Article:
6 Proven Deal-Breakers to Closing Your Sale You Should Avoid

6 proven deal-breakers to close your sale
6 proven deal-breakers to close your sale

When you don’t close a sale, you may second-guess your entire sales process and spend some time wondering why it happened. You might ask yourself if your pitch was too aggressive, if your prospect actually needed your product, and other questions you may not be able to answer.

When your deal doesn’t go through, sometimes all you can do is guess. Other times, statistics may help you narrow down the answer. However, if you are using any of these six behaviors that a recent LinkedIn survey found will “kill” a deal, you’ve found the reason. You should avoid them at all costs.

Providing Misleading Information

Providing misleading information damages the trust between you and your potential customer. If a possible customer discovers that you have provided misleading information, it can damage their trust in you and the products or services your company offers.

Additionally, providing misleading information can also be unethical and potentially illegal, depending on the nature of the information. This can damage the salesperson’s and the company’s reputation and make it difficult to establish and maintain relationships with other customers in the future.

It’s also important to remember that you don’t have to lie to mislead. Simply omitting important details can have the same damaging consequences. Always provide accurate and reliable information to build trust and establish a firm foundation for a successful sales relationship.

Not Understanding Your Customers and Their Needs

If you don’t listen to your customers and learn what they need, it can lead to the following roadblocks in your sales process:

  1. You may be unable to offer a product or service that meets their requirements. If the customer doesn’t believe that your offering will solve their problem, they are unlikely to buy.
  2. You may not be able to address their objections. For example, if the customer is worried about the price of your product and you don’t address this concern, you could lose the sale.
  3. You may not be able to guide them toward a purchase. For example, if the customer needs to consult with others before making a purchase and you don’t give them enough information, they may not proceed with the sale.
  4. You may not be able to convey the benefits of your product or service in terms that speak to your customers. If the customer doesn’t understand your product or service, they are unlikely to buy.

Understanding your customer is critical to closing a sale. By taking the time to listen to the customer and understand their needs, you can tailor your sales approach and increase the likelihood of a successful sale.

Not Understanding Your Products and Services

If you don’t fully understand your products and services, it can prevent you from effectively communicating their value to potential customers. This can make it difficult to close a sale because you may not address the customer’s concerns or demonstrate how your offering meets their needs.

Your customer may not completely know what they want, but they know the problems they are trying to solve and will ask a lot of questions. If you do many of these with “I don’t know,” they may find a competitor who can help them.

To be successful in sales, it is important to have a thorough understanding of your products and services, as well as the needs and preferences of your target market.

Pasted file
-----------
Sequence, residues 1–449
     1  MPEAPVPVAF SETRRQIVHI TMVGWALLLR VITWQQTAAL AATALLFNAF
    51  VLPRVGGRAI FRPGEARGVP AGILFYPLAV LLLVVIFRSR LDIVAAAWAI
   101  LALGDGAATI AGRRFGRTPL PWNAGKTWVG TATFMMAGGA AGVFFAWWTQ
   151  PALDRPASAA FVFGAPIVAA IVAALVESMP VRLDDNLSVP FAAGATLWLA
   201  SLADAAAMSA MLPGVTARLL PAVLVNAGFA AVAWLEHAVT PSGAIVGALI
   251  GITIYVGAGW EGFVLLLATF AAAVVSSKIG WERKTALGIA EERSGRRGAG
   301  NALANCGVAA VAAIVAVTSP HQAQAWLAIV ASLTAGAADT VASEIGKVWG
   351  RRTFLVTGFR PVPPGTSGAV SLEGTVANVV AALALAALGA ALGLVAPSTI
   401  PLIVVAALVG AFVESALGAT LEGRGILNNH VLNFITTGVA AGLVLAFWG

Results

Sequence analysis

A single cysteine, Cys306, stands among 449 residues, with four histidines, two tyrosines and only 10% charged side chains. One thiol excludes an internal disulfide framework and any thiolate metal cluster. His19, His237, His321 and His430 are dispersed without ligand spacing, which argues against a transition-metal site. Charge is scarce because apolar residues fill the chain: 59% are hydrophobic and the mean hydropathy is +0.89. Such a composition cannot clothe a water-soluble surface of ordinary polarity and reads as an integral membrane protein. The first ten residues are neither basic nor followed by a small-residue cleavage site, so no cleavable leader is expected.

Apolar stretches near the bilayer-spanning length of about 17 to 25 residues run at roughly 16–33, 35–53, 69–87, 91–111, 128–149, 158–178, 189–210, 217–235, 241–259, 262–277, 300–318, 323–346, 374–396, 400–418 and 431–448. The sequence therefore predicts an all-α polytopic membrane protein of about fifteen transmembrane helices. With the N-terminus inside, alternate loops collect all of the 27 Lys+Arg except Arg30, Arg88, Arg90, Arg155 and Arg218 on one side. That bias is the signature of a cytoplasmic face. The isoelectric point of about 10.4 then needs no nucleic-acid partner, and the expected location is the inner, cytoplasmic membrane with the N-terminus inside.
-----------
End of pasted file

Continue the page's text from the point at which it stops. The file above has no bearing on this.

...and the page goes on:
Not Understanding Your Competitor’s Products and Services

If you don’t understand what your competitor is offering, you may not be able to position your product or service as a better alternative. This can be especially important if the customer is considering multiple options and is trying to decide which one is the best fit for them.

You also may be unable to address any objections or concerns the customer has about your competitor and turn what could be another step toward the sale into a major roadblock.

Finally, if you don’t understand what your competitors offer, you may not be able to tailor your sales pitch to the specific needs of the customer.

Understanding your competitor’s products and services is an important part of the sales process, as it allows you to position your offering in the best possible light.

Being Associated With a Brand Customer’s Don’t Trust

If a customer perceives your brand as untrustworthy, they may be hesitant to purchase from you, even if you are offering a good deal or high-quality products. This can be especially challenging if the customer is not familiar with your brand. This may not be totally under your control, but a sales team can enormously influence how a brand is perceived.

To overcome this challenge, you may need to work with business leaders and other teams, like marketing, to improve the brand’s reputation and address any concerns or issues that may cause customers to lack trust.

Continuously Cold-Calling or Emailing

Cold-calling doesn’t work like it used to. Customers are looking for companies that are staffed with experts, will listen to them, and can address their needs. This involves a conversation, and cold calls and emails aren’t great at starting them.

Building trust and rapport is an important part of the sales process, and this can be difficult to do through cold outreach alone. It may be more effective to establish a relationship with the potential customer through more personalized interactions, such as face-to-face meetings or phone calls.

These six deal-stoppers are easy to avoid. Simply learn about the products and services both you and competitors sell, learn about your customers and their needs, and use that information to provide the details they need to buy. And throttle back on cold calling.